By the early 1980s, Bronx hip-hop culture was in full swing, spinning DJ Kool Herc, Grandmaster Flash & the Furious Five, Grand Wizard Theodore, and a grandiose community leader named Afrika Bambaataa. They'd pull their breaks off funk records, from James Brown drumbeats, and from Isley Brothers hooks. Bambaataa took noted interest in Clinton's work. Emerging as Afrika Bambaataa & Soulsonic Force, Bam dropped 1986's Planet Rock, a nod to Clinton's Afrocentric festival. The album led the public to dub Bambaataa "The Father of the Electro-Funk Sound."

'Louder Than a Bomb'

Though not first in hip-hop's history, Public Enemy can surely be held responsible for providing the genre with its biggest bang. When the dust settled there were very few acts that could capture the political pulse Public Enemy grabbed. They'd learned from Sun Ra and Elijah Muhammad's NOI ideal, pulling together the Bomb Squad and Terminator X (production), Professor Griff (minister of information), and MCs Chuck D and Flava Flav to dub hip-hop "the black CNN," thus creating a renewed sense of the two races living worlds apart.

1990's Fear of a Black Planet moved PE into the extraterrestrial. With its cover art depicting a black planet eclipsing Earth, PE's message wasn't Space Is the Place-ian in its desire to export blacks into outer space. Chuck and Flav wanted to bring them back: "It's pretty simple. Three stones from the sun, we need a piece of this rock."

'Throw Yer Hands in the Ayerrr'

Clinton's interstellar party may not have touched down with Public Enemy, but its out-of-this-world resonance shook down to the turn of the century, when, in 1995, the fascination reached a renaissance. Cali's alternative hip-hop movement, a response to Dr. Dre's G-Funk by Delicious Vinyl heads Souls of Mischief, Dilated Peoples, and Hieroglyphics, took off upon the Pharcyde's release of LabCabinCalifornia. The Jay Dee-produced album cued a departure from the chaos surrounding the Bad Boy/Death Row rivalry. Hip-hoppers across the country took note.

Sending oneself into orbit was option B to the more popular and controversial gangsta rap. Outkast dropped 1996's ATLiens, music's most obvious attempt at interstellar funk since Clinton himself. The Roots built on Sun Ra's jazz stylings with Illadelph Halflife that same year. De la Soul dressed the part for AOI: Bionix (2001), while Del the Funky Homosapien joined DJs Dan the Automator and Kid Koala and jumped into the future for Deltron 3030's self-titled album, released 1,030 years in its own past.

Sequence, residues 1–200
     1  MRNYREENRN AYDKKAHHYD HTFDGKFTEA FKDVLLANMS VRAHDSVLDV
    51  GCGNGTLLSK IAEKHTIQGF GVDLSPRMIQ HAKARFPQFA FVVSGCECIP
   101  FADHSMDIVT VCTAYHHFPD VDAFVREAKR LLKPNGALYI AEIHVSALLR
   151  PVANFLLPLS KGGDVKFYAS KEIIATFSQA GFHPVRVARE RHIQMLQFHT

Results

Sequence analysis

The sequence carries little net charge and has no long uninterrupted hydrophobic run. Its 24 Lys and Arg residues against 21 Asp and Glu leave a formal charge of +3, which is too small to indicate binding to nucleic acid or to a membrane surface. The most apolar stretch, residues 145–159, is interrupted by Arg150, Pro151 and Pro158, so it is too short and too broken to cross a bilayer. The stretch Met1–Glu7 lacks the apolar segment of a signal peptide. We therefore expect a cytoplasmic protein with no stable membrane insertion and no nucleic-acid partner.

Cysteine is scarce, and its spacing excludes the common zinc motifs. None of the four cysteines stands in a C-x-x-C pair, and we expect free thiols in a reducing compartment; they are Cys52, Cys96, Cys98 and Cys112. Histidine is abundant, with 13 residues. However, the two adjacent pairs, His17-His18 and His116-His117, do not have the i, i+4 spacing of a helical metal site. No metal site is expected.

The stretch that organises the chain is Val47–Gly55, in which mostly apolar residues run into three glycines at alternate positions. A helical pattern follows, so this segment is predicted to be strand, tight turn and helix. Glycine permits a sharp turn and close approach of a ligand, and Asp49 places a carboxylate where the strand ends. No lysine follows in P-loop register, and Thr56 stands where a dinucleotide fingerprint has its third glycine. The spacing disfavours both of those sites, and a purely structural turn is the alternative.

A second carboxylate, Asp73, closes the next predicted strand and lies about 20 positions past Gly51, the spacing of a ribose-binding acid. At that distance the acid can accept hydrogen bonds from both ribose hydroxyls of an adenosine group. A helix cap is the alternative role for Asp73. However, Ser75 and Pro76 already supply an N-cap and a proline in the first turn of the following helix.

The trend continues today, on Planet Earth and beyond. Lil Wayne's Tha Carter III rolls "Phone Home," Wayne playing the role of E.T.: "We are not the same, I am a martian." His mixtape classic, "I Feel Like Dying," speaks of "sittin' on the clouds" and mingling with the stars while throwing a party on Mars. The oh-so-down-to-earth Kanye West first touched off with 2004's "Spaceship," and his current Glow in the Dark Tour pits him as an interstellar explorer whose spaceship crashes on an unknown planet. Reports from Houston suggest the wreck interrupted the Arkestra's set.

Sun Ra Spaces Out

Angels & Demons at Play (1956)

The Nubians of Plutonia (1959)

Rocket Number Nine (1960)

We Are in the Future (1961)

Cosmic Tones for Mental Therapy and Art Forms of Dimensions Tomorrow (1961)

The Heliocentric Worlds of Sun Ra (1965)

Astro Black (1972)

What Planet Is This? (1973)

Modern Mysticism

De la Soul, Art Official Intelligence: Mosaic Thump (2000)

MF Doom, Live From Planet X (2005)

Del the Funky Homosapien, Both Sides of the Brain (2000)

RJD2, Deadringer (2002)

9th Wonder, The Dream Merchant 2 (2007)

George Clinton's Intergalactic Kegger

Funkadelic, Cosmic Slop (1973)

Parliament, Mothership Connection (1975)

Parliament, The Clones of Dr. Funkenstein (1976)

Funkadelic, One Nation Under a Groove (1978)